NU Okubadejo, MA Danesi, OF Aina, FI Ojini, JD Adeyemi, DA Olorunshola
July-September 2007, 14(3):204-208
BACKGROUND: Co-morbid depression and suicidal ideation in people with epilepsy (PWE) in developing countries are under-recognised, and so may be consequently undertreated. This study was designed to determine the frequency and clinical correlates of interictal depression and suicidal ideation in PWE. PATIENTS AND METHODS: Using a prospective design, we evaluated 96 PWE and two groups of controls (103 age- and sex-matched population controls and 13 persons with DSM - IV diagnosis of major depression (controls with depression - CWD) without epilepsy. Depression was assessed using Zung Self-rating depression scale (scores =40 indicating depression). RESULTS: Depression was more prevalent in PWE (25/96 i.e. 26.0%) than normal controls (10/103 i.e. 9.7%) (P = 0.004). Suicidal ideation scores were similar for depressed PWE and depressed normal controls (1.7 +/-1.0 v. 1.5 +/- 1.0; P>0.05), but significantly higher in CWD (2.61.3; P=0.04). Among PWE, mean duration of epilepsy (years) was the only variable significantly related to depression (i.e. 12.7 8.8 in depressed PWE v. 8.3 6.6 in non-depressed PWE (P=0.01). CONCLUSION: Depressive symptomatology is a frequent co-morbidity in our tertiary care population of PWE. However, suicidal ideation is less common in contrast to persons with major depression.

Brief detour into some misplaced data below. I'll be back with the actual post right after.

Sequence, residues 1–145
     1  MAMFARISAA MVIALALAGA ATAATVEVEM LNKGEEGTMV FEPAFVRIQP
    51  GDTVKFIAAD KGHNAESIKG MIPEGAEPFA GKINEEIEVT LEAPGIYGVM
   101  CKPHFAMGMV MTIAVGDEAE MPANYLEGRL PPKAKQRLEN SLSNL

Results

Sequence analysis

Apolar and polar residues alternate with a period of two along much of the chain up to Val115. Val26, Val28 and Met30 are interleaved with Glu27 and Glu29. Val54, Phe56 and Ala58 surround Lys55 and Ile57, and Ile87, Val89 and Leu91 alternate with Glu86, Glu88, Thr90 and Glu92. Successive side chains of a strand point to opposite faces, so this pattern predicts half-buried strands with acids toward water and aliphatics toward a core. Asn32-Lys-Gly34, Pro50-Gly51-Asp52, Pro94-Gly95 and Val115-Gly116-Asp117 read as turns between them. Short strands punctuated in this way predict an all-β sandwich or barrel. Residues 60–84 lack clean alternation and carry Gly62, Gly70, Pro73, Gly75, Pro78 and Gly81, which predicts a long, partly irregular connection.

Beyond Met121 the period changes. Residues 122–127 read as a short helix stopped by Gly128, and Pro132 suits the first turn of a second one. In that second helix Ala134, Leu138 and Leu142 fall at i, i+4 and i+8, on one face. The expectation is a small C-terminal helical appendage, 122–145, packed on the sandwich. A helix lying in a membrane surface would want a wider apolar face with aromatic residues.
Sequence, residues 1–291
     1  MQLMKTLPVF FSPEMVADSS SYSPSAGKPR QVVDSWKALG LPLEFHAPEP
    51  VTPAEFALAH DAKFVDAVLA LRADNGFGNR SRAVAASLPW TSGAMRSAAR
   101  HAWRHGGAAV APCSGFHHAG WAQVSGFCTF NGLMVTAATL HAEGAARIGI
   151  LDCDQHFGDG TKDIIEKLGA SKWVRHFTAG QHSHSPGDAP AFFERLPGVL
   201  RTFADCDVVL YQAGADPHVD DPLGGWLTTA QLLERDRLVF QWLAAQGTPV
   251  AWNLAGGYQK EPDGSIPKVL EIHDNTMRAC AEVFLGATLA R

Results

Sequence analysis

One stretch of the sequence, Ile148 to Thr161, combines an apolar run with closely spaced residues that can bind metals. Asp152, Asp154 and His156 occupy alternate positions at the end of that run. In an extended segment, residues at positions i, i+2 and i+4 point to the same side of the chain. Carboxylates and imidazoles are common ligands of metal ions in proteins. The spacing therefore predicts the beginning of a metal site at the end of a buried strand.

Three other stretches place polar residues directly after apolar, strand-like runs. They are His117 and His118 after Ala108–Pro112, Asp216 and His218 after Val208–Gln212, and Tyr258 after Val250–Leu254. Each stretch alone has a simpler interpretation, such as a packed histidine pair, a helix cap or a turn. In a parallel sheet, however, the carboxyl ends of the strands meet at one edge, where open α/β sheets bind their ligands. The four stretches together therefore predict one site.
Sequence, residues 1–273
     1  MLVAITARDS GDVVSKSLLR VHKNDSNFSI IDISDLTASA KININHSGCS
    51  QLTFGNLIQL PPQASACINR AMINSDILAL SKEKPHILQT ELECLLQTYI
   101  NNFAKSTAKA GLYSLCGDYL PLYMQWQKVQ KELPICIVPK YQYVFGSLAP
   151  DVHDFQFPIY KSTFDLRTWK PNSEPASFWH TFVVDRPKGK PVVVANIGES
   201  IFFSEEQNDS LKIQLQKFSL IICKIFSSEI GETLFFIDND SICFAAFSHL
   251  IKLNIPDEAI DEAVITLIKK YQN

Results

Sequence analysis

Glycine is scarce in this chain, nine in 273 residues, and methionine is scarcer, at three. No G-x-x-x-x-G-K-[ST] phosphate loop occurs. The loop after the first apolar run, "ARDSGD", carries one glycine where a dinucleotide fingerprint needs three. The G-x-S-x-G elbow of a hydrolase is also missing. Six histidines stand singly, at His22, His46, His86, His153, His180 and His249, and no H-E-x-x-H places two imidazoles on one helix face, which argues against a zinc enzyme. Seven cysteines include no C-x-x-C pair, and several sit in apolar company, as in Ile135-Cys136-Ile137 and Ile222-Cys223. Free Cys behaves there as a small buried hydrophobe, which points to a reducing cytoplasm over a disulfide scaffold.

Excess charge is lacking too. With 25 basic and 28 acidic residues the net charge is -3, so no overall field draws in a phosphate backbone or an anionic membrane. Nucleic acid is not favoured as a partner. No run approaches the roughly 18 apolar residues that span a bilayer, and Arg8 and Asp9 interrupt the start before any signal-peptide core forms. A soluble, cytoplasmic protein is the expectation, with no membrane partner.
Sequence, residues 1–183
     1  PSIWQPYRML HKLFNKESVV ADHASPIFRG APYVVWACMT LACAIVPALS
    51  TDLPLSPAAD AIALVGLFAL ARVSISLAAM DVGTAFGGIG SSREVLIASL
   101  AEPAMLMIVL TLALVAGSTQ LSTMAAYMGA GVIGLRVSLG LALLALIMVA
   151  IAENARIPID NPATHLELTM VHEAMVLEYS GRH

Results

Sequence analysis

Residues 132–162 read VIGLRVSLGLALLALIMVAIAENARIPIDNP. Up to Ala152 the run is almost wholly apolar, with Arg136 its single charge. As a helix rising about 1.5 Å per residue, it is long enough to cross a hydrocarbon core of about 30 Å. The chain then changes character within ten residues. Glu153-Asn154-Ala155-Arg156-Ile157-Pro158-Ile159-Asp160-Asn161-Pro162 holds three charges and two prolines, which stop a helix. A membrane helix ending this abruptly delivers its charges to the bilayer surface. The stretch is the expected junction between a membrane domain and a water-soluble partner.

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Hypnosis and its place in modern pain management - review article
FE Amadasun
July-September 2007, 14(3):238-241